In the context of India’s emergence of technological powerhouse and in the backdrop of the vast extent of the frontiers, the IAF is required to guard, it will be necessary for the Air Force to have a  squadron strength of 50 plus by 2020. It is the recognition of the growing professional competence of the IAF that India was invited to participate in the multi-national Red Flag exercise held at Nellis Air Base, Nevada Desert, US. At the Red Flag exercise, IAF notched up the distinction of being the only air force to have 95 per cent of all its platforms, including eight Su-30MKI combat aircraft, two IL-78 air to air re-fueller and one IL-76 heavy lift off military transport aircraft in full operational trim.

The present IAF Chief F.H. Major has also highlighted the need for setting up of an aerospace command to boost the fighting capability of the IAF. Defence Minister A.K.Antony, who not long back had expressed his concern over the Chinese space war techniques posing a threat to our space assets, has recently announced the formation of a tri-Service space cell that would facilitate the access of the defence forces to the space assets controlled by Indian Space Research Organisation (ISRO).

This is being viewed as a first step towards the formation of a full-fledged aerospace command with the participation of ISRO and DRDO (Defence Research and Development Organisation). On its part, the Defence Ministry is mulling over the creation of a constellation of satellites for a variety of end-users for the defence forces, including the IAF.

Indeed, in the aftermath of the Chinese anti-satellite test of early 2007, ISRO Chairman G.Madhavan Nair had  stated that though it is well within the capability of ISRO to develop and deploy a system to knock down a satellite in orbit, India’s concern is to keep outer space a zone of peace and tranquility. China had stunned the world by successfully deploying a ground-based, medium-range ballistic missile to destroy an ageing weather watch satellite located at an altitude of 537 miles. This was the first demonstration of China’s well-conceived plan to perfect a satellite killer device as a prelude to its “space weaponization programme”.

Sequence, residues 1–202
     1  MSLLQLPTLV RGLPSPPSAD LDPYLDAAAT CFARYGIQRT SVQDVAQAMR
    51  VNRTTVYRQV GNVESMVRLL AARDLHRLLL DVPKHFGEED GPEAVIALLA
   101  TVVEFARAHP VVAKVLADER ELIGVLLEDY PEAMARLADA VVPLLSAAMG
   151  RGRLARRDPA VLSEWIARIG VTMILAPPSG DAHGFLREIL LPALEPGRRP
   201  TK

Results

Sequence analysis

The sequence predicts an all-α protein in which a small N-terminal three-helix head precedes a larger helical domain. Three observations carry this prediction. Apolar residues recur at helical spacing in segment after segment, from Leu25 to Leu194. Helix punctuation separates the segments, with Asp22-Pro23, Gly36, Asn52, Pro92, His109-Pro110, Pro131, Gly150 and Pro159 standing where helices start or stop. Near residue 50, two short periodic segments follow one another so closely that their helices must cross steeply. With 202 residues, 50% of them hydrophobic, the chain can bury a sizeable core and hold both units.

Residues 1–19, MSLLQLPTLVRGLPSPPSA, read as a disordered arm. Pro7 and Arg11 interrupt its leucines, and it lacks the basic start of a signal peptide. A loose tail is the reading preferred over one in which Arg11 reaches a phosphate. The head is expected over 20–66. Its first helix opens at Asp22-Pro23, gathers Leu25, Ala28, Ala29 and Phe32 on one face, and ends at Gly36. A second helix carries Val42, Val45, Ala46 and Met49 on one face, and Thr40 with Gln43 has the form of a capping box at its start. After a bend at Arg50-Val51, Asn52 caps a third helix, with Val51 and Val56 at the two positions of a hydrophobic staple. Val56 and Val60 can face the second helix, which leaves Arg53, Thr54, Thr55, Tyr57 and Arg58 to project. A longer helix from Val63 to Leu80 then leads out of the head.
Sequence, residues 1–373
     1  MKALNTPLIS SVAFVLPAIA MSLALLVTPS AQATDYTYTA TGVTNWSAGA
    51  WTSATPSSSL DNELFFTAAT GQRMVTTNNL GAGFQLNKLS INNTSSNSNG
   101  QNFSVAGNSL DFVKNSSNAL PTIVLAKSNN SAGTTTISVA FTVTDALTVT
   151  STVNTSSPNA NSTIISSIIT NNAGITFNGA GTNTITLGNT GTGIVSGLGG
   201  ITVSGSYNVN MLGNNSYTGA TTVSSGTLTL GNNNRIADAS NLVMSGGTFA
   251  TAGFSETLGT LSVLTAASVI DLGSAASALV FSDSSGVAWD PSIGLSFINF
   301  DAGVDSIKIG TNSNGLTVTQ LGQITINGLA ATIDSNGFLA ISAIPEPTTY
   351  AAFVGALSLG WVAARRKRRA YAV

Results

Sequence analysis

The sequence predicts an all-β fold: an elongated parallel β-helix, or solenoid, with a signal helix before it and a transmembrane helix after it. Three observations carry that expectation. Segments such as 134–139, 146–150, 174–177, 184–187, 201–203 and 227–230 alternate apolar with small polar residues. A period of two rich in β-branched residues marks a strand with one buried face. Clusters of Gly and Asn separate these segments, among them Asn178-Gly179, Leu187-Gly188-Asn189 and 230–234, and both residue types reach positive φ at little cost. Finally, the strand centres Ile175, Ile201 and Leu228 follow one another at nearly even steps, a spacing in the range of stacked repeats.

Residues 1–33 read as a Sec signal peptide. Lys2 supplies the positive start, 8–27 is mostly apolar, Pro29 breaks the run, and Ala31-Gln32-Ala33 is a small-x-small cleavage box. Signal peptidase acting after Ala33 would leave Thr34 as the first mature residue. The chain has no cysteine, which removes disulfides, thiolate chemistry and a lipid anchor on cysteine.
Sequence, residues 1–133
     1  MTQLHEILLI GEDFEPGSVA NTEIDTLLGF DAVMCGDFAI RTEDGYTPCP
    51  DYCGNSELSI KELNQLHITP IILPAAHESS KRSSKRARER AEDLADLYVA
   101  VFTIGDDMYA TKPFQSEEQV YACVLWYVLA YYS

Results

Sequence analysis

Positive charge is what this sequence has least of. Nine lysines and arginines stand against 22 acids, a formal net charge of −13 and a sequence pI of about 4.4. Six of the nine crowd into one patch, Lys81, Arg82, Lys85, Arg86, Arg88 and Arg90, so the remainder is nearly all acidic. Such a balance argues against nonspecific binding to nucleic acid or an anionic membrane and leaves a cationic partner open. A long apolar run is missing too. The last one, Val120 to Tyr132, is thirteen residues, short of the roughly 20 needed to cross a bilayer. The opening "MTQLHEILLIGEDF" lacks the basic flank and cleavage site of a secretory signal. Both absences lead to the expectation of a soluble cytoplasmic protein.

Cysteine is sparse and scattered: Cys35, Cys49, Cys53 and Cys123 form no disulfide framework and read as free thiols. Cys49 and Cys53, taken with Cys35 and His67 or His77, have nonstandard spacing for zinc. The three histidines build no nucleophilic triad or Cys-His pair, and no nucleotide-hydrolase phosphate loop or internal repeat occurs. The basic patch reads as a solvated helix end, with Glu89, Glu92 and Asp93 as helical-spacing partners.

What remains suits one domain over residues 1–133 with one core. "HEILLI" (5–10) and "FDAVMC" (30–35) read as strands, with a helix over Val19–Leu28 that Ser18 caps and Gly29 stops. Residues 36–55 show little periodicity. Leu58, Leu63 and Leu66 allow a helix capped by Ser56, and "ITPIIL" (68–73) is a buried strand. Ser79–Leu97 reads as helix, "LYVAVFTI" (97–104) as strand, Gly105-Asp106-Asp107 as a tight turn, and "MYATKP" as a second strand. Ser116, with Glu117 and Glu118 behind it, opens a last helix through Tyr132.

Meanwhile, the IAF is pressing ahead with the plan to acquire 126 multi-role combat aircraft from one of the six global aeronautical manufacturers, who have submitted their bids. These aircraft are meant to fill the gap created by the phasing out of the Soviet era MiG aircraft series.

As ensilaged now, 18 of these 126 fighter planes will be delivered in fly away condition while the rest of the 108 will be licence produced by the Bangalore-based Indian defence and Aeronautical major, HAL (Hindustan Aeronautics Ltd). It was the delay in the induction of India’s homegrown fourth generation Light Combat Aircraft (LCA) that nudged the IAF to go in for the purchase of 126 combat aircraft. As things stand now, LCA is not expected to enter service before the end of this decade.

The good news for IAF is that India and Russia have agreed for the joint development of a fifth generation fighter aircraft and also a heavy lift-off military transport aircraft. On top of it, the project to develop an indigenous Medium Combat Aircraft (MCA) is gathering momentum. Not surprisingly then the opportunities and challenges of the future nudges the IAF to look beyond the Indian skies with advanced technological systems and innovative warfare strategies. And, perhaps help the Indian State in its fight against terror. –INFA

(Copyright, India News and Feature Alliance)